Interview: “Younger generation would never give opportunities to any fundamentalist forces getting the driver seat in Bangladesh”- Haroon Habib | The Background

Saturday, October 16, 2021

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Interview: “Younger generation would never give opportunities to any fundamentalist forces getting the driver seat in Bangladesh”- Haroon Habib

Diptendu Sarkar

Renowned writer and journalist of Bangladesh, Haroon Habib was in Kolkata recently to participate in an international conference on the BIMSTEC countries. In 1970-71, Habib had served as an active member of student guerrilla cadet of Awami League in the Liberation war against Pakistan and had escaped to India. 

On the sideline of the conference, he talked to The Background.

On the rise of Islamic fundamentalism in Bangladesh. 

 The root of Islamic fundamentalism goes back to 1971, when Bangladesh was born. It spread its wing through Jamat with the help from Pakistan. After Awami League under the leadership of Sheikh Mujibur Rahman took over, they could not make a dent because of the secular outlook of Sheikh Mujib.

In 1975, after the assassination of Sheikh Mujib, the fundamentalist force gained foothold and was able to spread its branches all over the country with the backing of the armed forces. The Army also knew well that the people never accepted them cordially and needed a kind of religious camouflage. When Ershad came to power, fundamentalist groups took the opportunity of his tacit support and came out as a motivated political force.

But when BNP came to power they openly shake their hands with the fundamentalist forces. They did it only to retain power.

In the late 1970’s when former USSR occupied Afghanistan, many Bangladeshi youth, motivated by Islamist concept went to that area to fight the Russian. They became Mujahideen. Later on, they joined terror groups like the Taliban or Al- Qaeda. Afterwards, when the war ended many of them returned to their homeland importing hardcore fundamentalist ideologies. Groups like Harkat-ul-Jihad-al-Islami (HuJI) Bangladesh and some other terrorist outfits were formed. Awami League had a secular ideology and these forces knew it too well. They also knew their existence is threatened as long as Awami League is in power. So they always supported parties opposing Awami.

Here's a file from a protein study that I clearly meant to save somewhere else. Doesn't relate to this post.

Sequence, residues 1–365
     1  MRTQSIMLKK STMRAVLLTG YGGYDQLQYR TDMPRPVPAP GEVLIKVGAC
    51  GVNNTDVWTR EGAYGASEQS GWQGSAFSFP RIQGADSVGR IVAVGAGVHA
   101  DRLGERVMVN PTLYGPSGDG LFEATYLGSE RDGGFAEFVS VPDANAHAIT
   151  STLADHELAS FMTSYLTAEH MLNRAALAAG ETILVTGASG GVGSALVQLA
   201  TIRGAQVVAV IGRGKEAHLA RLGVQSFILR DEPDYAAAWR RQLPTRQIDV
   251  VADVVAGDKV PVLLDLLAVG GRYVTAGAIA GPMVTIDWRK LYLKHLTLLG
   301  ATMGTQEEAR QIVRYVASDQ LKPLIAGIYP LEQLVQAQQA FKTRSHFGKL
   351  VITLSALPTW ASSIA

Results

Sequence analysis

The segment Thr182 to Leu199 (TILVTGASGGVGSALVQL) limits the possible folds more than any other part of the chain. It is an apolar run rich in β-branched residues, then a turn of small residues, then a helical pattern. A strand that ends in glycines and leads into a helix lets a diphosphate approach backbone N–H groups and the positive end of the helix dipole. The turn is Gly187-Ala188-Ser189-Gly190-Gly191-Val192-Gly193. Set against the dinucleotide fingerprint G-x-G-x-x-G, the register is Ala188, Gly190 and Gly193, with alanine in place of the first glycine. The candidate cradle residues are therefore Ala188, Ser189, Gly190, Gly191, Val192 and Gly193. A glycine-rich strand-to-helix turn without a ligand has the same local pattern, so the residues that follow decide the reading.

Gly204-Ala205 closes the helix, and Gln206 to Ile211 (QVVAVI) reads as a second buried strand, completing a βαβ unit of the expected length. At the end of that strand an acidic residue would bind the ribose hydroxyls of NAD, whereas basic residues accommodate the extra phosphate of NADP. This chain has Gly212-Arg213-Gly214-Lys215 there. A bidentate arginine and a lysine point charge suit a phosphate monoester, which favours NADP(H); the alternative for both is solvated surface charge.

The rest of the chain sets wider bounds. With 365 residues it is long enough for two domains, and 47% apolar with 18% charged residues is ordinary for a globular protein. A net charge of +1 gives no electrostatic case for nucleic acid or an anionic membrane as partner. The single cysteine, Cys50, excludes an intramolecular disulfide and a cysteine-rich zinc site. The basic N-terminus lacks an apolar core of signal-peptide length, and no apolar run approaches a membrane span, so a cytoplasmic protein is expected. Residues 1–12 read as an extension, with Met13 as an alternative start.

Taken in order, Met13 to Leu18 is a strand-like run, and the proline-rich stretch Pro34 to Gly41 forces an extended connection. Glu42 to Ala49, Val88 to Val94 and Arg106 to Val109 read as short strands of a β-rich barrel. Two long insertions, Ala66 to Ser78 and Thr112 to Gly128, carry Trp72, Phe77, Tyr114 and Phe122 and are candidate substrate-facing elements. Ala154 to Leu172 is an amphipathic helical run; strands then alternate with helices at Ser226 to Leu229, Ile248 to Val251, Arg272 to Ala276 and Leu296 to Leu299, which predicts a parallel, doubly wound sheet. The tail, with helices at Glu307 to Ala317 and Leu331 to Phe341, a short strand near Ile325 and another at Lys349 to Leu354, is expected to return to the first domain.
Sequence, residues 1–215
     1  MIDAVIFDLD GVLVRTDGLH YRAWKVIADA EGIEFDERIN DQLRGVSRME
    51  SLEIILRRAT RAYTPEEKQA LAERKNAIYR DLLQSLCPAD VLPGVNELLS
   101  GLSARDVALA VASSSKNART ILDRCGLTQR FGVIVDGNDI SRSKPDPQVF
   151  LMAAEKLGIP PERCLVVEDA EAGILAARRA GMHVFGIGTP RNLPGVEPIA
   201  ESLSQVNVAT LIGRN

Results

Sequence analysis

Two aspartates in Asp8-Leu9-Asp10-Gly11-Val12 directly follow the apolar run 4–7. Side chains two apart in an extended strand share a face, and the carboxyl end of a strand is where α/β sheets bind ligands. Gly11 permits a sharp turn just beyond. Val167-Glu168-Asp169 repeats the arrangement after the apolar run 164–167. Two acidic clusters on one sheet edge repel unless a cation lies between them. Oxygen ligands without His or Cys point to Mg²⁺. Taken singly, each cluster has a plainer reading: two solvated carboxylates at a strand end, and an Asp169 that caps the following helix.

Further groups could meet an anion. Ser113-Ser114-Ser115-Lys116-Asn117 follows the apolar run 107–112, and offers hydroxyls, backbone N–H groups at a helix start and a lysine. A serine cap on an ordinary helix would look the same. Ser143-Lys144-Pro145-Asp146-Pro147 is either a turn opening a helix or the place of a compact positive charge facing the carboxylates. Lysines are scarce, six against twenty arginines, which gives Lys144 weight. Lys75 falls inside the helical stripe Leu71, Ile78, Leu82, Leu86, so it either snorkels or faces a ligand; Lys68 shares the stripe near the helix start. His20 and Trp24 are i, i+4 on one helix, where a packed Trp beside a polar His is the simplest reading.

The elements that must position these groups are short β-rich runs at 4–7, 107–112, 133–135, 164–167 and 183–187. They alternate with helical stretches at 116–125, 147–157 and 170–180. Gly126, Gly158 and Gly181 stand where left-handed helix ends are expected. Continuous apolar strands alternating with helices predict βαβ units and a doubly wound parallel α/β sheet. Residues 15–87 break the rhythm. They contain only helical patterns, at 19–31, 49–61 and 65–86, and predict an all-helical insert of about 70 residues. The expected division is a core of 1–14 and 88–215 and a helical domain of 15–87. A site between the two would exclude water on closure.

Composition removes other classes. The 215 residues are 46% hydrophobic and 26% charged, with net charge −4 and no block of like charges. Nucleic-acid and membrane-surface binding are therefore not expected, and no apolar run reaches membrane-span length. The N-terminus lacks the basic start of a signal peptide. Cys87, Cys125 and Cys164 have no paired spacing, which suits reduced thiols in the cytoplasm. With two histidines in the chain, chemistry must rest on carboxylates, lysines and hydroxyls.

During Syrian civil war, some young people went there to fight on behalf of ISIS. Later on, they also returned to the country and formed different newer platforms funded by religious extremist groups from outside.

Awami League, in the second term, also did some blunders by giving membership to the people who never honoured its secular ideologies. They joined the ruling party only to achieve personal gains. They are harming both the country and Awami League.

 Haroon Habib with the writer

On how to change the present scenario.

We are a tiny nation. We are not well equipped with new technology to fight against the terror groups. But we trust the younger generation of Bangladesh. This generation are still aware of the history of Liberation war (মুক্তিযুদ্ধ)   and they most of them honour the Awami League’s secular outlook and ideologies which reflect on its political manifesto. So we hope these young people would never give opportunities to any fundamentalist forces getting the driver seat in the country. Also, we trust India for all kinds of support to curb any adverse situation which affects our national interest and sovereignty.

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